Is GameStop Building an NFT Marketplace?

Amidst a host of Big Tech earnings, the sultan of memes itself, GameStop, may have just given a big indicator as to where its future lies.

Who needs Big Tech earnings blowouts when we’ve got a story so meme-filled and delicious as GameStop’s (NYSE: GME) foray into NFTs (non-fungible tokens)?

And according to the company’s latest job postings, Reddit, fintwit, and my neighbor, that foray is well underway.

“Isn’t GameStop a ‘joke’ stock?”

There’s no need for name-calling! GameStop is a meme stock — a stock popular on social media despite being overpriced (by traditional metrics) and experiencing wild swings of price volatility. 

And while GameStop is kind of the OG meme stock, that doesn’t make it a joke. In fact, unlike many other meme stocks, GameStop appears to have used this period of popularity to invest in a potentially profitable future. 

According to the game retailer’s careers page, it is looking to fill a slew of vacancies relating to NFT marketing, NFT software engineering, and Web3 gaming management. Web3 is all about the next-gen internet experience and comprises blockchain, cryptographic protocols, digital assets, DeFi, and social media.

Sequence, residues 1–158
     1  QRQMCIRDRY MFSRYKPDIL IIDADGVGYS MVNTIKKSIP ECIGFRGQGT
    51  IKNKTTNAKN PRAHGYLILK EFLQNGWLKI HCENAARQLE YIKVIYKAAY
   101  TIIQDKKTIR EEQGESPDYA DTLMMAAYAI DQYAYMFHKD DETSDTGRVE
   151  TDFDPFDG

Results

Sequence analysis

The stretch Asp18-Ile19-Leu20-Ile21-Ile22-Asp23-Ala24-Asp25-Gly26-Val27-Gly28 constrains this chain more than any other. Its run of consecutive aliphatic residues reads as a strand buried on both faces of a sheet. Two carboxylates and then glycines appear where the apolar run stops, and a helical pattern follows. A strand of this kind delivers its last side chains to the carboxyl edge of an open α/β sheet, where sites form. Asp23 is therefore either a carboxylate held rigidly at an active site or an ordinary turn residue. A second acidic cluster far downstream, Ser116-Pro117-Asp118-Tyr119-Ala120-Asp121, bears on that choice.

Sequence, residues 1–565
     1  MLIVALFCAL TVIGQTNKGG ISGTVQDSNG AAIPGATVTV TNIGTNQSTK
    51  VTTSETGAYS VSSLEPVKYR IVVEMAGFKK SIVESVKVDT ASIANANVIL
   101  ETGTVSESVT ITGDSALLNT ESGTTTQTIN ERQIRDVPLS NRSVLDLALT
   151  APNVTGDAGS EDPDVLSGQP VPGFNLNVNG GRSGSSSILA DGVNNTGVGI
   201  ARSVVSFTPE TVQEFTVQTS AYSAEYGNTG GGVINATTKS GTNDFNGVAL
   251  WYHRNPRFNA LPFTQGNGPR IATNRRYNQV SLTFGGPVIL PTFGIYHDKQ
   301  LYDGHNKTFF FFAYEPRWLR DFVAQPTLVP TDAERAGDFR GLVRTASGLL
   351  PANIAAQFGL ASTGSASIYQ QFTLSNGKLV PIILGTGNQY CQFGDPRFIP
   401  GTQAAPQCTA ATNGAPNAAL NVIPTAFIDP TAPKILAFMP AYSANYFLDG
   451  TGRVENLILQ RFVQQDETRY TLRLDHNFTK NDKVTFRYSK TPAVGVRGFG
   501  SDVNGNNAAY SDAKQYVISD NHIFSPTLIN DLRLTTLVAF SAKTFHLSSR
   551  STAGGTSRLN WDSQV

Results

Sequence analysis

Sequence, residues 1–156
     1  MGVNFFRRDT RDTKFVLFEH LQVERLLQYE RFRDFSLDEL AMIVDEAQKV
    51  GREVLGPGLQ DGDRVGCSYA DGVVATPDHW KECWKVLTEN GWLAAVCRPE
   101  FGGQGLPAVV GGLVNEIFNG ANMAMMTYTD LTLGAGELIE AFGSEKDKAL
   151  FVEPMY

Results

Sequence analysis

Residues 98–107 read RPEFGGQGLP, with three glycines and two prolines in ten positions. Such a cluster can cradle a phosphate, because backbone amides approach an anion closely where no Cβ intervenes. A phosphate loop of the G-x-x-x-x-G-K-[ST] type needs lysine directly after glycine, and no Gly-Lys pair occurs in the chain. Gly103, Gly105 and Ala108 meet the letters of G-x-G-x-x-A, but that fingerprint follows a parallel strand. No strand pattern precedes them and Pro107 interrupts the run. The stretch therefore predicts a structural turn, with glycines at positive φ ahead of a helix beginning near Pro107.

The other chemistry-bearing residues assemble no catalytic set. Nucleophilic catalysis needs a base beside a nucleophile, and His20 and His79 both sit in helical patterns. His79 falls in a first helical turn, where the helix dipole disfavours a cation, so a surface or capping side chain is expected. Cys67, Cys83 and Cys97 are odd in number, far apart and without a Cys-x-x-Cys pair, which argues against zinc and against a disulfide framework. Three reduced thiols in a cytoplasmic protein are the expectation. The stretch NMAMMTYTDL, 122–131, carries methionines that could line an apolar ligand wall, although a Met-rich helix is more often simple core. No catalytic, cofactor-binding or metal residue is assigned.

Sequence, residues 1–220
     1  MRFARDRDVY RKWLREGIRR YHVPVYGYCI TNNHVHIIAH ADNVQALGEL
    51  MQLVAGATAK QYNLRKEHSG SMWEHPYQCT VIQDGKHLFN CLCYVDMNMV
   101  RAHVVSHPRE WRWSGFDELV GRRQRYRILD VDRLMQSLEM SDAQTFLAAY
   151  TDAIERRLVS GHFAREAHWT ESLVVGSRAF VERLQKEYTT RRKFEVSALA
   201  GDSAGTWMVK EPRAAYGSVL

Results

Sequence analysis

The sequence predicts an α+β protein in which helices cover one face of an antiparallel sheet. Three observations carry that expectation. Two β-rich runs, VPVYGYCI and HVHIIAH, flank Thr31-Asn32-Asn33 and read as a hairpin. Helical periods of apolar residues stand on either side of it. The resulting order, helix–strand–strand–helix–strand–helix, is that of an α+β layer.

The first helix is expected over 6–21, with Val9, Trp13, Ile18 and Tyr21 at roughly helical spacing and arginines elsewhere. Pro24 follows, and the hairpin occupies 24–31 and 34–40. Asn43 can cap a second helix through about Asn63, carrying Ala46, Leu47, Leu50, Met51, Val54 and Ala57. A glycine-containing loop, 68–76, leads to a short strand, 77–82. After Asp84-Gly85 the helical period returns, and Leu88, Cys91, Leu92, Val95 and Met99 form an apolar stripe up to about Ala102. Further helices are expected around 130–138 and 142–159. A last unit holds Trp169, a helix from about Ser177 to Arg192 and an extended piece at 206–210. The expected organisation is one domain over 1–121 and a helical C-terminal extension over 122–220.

Meanwhile, the NFT developments would fit in nicely with the company’s recently launched ‘GameStop NFT’ website, where it is looking to build out its own marketplace for digital assets. With a long history in licensed merchandise, including Funko Pops and Minecraft memorabilia, GameStop could actually be poised to become a leader in the reportedly $370 billion NFT market. 

Unlike its meme-stock brethren, GameStop could well be on its way to successfully pivot towards digital collectibles and games e-commerce model, leaving its bricks-and-mortar past behind. Sure, it’s a long way off just yet, and I wouldn’t personally invest at these overinflated prices, but I can’t deny that my interest has been piqued.

All GameStop needs to do now is become profitable again, beat out all its competition, completely redesign its business model, and maintain its cult-like reputation. 

Easy, right?

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